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Open Access Highly Accessed Research article

What do evidence-based secondary journals tell us about the publication of clinically important articles in primary healthcare journals?

Kathleen Ann McKibbon12*, Nancy L Wilczynski1 and Robert Brian Haynes13

Author affiliations

1 Health Information Research Unit, Department of Clinical Epidemiology and Biostatistics, McMaster University Faculty of Health Sciences, Room 3H6 Health Sciences Center, 1200 Main Street West, Hamilton, Ontario, Canada. L8N 3Z5

2 Center for Biomedical Informatics, School of Medicine, 8084 Forbes Tower, 200 Lothrop Street, University of Pittsburgh, Pittsburgh, PA, USA. 15213-2582

3 Department of Medicine, McMaster University Faculty of Health Sciences, Health Sciences Center, 1200 Main Street West, Hamilton, Ontario, Canada. L8N 3Z5

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Citation and License

BMC Medicine 2004, 2:33  doi:10.1186/1741-7015-2-33

Published: 6 September 2004

Abstract

Background

We conducted this analysis to determine i) which journals publish high-quality, clinically relevant studies in internal medicine, general/family practice, general practice nursing, and mental health; and ii) the proportion of clinically relevant articles in each journal.

Methods

We performed an analytic survey of a hand search of 170 general medicine, general healthcare, and specialty journals for 2000. Research staff assessed individual articles by using explicit criteria for scientific merit for healthcare application. Practitioners assessed the clinical importance of these articles. Outcome measures were the number of high-quality, clinically relevant studies published in the 170 journal titles and how many of these were published in each of four discipline-specific, secondary "evidence-based" journals (ACP Journal Club for internal medicine and its subspecialties; Evidence-Based Medicine for general/family practice; Evidence-Based Nursing for general practice nursing; and Evidence-Based Mental Health for all aspects of mental health). Original studies and review articles were classified for purpose: therapy and prevention, screening and diagnosis, prognosis, etiology and harm, economics and cost, clinical prediction guides, and qualitative studies.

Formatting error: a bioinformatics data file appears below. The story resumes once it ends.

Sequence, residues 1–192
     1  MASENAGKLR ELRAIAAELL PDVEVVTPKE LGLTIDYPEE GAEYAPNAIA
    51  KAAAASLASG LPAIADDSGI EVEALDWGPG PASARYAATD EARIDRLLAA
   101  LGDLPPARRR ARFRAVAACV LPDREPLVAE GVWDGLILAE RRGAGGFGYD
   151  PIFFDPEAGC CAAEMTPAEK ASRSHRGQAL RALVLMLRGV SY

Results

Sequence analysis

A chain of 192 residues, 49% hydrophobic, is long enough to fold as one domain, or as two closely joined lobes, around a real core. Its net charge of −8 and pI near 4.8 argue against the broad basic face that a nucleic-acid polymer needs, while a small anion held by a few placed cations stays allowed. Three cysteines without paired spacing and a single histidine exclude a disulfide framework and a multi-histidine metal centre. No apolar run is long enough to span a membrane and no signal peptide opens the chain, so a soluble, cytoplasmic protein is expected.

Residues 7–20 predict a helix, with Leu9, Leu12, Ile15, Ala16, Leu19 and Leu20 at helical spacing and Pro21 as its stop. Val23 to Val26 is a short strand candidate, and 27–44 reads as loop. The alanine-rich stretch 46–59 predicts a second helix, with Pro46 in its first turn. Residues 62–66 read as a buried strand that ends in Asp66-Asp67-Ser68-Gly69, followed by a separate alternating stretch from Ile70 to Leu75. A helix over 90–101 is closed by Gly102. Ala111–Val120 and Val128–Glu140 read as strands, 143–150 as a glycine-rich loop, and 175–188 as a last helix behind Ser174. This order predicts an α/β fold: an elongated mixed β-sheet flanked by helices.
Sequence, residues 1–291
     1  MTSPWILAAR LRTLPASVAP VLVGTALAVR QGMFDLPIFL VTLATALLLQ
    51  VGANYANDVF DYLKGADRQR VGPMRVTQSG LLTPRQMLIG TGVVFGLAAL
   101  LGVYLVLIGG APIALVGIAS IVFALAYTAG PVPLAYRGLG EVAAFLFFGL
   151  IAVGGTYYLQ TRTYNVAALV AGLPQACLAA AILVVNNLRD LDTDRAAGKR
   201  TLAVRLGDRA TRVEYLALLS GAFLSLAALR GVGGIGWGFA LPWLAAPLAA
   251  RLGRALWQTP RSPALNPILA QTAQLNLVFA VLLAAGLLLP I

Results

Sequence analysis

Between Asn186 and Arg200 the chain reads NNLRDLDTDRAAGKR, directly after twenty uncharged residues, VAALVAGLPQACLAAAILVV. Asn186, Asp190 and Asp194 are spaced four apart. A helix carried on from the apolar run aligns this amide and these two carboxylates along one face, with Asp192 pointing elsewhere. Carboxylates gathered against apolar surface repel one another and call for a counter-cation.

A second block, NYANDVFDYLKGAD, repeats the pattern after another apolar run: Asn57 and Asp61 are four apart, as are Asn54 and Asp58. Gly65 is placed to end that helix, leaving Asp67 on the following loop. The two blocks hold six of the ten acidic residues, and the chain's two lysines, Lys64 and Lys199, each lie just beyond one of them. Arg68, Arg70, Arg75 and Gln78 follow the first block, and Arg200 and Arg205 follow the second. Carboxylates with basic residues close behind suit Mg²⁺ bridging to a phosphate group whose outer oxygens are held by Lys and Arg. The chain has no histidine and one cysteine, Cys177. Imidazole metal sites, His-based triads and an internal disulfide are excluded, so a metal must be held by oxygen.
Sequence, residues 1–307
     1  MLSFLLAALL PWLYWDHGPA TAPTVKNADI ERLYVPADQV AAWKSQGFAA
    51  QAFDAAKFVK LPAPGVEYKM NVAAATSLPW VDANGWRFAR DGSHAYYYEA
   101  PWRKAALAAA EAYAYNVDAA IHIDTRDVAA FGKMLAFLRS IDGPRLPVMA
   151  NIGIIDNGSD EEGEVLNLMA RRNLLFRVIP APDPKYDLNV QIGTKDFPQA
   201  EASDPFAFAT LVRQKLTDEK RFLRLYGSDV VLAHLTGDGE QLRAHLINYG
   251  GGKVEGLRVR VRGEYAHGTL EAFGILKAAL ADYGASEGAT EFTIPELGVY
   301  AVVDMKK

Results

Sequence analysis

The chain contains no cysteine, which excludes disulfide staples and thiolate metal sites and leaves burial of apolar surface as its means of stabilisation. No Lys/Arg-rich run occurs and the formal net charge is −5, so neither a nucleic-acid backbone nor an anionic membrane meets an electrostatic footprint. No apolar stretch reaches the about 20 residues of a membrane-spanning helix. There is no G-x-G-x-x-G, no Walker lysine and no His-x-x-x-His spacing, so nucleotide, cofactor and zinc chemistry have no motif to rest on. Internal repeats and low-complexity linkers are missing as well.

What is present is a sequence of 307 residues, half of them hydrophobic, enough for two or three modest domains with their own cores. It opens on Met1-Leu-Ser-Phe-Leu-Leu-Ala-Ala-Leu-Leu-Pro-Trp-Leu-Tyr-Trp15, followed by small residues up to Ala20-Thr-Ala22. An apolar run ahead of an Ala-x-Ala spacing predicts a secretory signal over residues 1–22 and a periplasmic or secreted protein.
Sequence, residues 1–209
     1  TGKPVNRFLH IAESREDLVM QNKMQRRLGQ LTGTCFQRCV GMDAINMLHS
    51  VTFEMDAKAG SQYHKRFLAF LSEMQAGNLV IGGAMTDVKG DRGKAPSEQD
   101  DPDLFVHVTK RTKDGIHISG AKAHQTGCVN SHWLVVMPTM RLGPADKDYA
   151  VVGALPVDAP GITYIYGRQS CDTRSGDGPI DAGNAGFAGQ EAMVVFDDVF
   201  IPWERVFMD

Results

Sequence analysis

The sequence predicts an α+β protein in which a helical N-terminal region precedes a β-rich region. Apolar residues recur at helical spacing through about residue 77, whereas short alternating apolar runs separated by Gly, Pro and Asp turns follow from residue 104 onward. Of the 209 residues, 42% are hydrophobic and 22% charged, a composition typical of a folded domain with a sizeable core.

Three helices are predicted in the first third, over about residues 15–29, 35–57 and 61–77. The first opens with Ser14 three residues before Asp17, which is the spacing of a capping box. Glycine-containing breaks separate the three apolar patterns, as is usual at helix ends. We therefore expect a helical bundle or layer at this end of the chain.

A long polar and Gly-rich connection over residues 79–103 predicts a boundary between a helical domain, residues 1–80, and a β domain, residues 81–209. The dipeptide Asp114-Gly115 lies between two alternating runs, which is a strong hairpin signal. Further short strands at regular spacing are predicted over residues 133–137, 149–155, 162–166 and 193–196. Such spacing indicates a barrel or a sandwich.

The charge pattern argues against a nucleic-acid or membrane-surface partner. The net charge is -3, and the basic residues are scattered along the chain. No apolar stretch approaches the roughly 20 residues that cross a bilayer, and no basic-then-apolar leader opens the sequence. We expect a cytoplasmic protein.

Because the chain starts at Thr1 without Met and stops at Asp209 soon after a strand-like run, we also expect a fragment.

Results

We evaluated 60,352 articles from 170 journal titles. The pass criteria of high-quality methods and clinically relevant material were met by 3059 original articles and 1073 review articles. For ACP Journal Club (internal medicine), four titles supplied 56.5% of the articles and 27 titles supplied the other 43.5%. For Evidence-Based Medicine (general/family practice), five titles supplied 50.7% of the articles and 40 titles supplied the remaining 49.3%. For Evidence-Based Nursing (general practice nursing), seven titles supplied 51.0% of the articles and 34 additional titles supplied 49.0%. For Evidence-Based Mental Health (mental health), nine titles supplied 53.2% of the articles and 34 additional titles supplied 46.8%. For the disciplines of internal medicine, general/family practice, and mental health (but not general practice nursing), the number of clinically important articles was correlated withScience Citation Index (SCI) Impact Factors.

Conclusions

Although many clinical journals publish high-quality, clinically relevant and important original studies and systematic reviews, the articles for each discipline studied were concentrated in a small subset of journals. This subset varied according to healthcare discipline; however, many of the important articles for all disciplines in this study were published in broad-based healthcare journals rather than subspecialty or discipline-specific journals.